Rep. Jerry Nadler (D-N.Y.) wants the government to mint a platinum coin worth…a cool $1 trillion..
Nadler, a Jewish Upper West Sider, thinks the minting of a ridiculously valuable coin could foil GOP attempts to hold Democrats hostage in debt ceiling negotiations. It would allow the government to pay its debts without going through Congress, which seems intent on dragging its feet on anything President Obama wants, especially after the bruising fiscal cliff drama.
“It sounds silly but it’s absolutely legal,” Nadler told the website Capital New York last week.
The idea’s gained some traction recent days. Economist Paul Krugman endorsed the trillion dollar coin on Monday, as have others.
So here comes the backlash.
In a statement, the National Republican Congressional Committee lampooned Nadler. “It’s time for Jerrold Nadler to choose,” the group’s spokesman wrote in a statement. “…[W]ill he continue to stand with President Obama and Nancy Pelosi in believing that the only answer to our nation’s problems is to raise taxes and create trillion-dollar coins?”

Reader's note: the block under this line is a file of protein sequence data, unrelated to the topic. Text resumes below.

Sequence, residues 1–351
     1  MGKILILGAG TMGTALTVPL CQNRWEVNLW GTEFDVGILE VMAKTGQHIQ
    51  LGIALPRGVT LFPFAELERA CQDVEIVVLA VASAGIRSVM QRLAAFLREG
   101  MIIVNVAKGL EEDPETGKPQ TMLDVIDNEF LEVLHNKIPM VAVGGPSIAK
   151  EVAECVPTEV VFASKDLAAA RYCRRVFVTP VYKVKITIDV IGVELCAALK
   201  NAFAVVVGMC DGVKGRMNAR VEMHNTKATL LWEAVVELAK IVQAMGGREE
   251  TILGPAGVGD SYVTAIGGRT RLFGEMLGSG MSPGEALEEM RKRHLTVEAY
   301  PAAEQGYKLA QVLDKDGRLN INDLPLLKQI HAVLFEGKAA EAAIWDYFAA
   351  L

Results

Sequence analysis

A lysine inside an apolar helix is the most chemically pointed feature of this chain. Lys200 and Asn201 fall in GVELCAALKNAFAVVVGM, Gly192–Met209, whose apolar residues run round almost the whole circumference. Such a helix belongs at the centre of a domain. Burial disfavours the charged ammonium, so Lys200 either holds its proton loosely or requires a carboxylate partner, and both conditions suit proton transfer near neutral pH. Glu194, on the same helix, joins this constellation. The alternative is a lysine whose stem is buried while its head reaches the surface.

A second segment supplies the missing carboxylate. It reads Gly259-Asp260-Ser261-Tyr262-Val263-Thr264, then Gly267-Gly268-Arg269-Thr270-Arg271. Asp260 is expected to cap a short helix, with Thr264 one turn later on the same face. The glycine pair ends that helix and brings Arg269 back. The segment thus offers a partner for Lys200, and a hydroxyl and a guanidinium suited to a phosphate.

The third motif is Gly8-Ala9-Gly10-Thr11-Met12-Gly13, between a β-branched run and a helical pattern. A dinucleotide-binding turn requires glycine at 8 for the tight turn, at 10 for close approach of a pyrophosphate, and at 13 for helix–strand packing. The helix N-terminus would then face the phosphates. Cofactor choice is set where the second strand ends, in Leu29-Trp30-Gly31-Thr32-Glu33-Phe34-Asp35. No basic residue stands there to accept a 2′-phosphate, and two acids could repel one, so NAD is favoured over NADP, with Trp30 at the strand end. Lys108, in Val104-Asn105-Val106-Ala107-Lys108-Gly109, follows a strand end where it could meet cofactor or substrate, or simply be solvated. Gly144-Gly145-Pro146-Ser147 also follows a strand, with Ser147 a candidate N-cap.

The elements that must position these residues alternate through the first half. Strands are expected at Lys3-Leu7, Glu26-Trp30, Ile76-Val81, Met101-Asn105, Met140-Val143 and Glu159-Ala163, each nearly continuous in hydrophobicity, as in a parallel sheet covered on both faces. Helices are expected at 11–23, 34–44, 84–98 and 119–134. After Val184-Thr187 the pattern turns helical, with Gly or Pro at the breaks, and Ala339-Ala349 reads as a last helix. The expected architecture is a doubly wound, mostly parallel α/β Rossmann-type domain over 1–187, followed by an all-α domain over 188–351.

The NRCC has released similar statements about other House Democrats who have signalled an openness to the silly-sounding proposal.
The possibility of the government actually minting a trillion-dollar coin might have bank robbers drawing up plans (and their fences shaking their heads), but it’s still a relatively long shot. Even if the president were willing to do something weird to get around a debt limit fight, it seems more likely that he would just raise the debt ceiling without congressional approval.
Still, that hasn’t kept pundits (and comedians) from speculating as to who will appear on the coin.
CNN suggested — who else? — President Obama. Talking Points Memo proposed Krugman; Krugman cattily countered with House Speaker John Boehner.
Steven Colbert, for his part, had perhaps the best idea of all. He suggested “a bald eagle breathing fire while making love to the American flag.”
Josh Nathan-Kazis is a staff writer for the Forward. He covers charities and politics, and writes investigations and longform.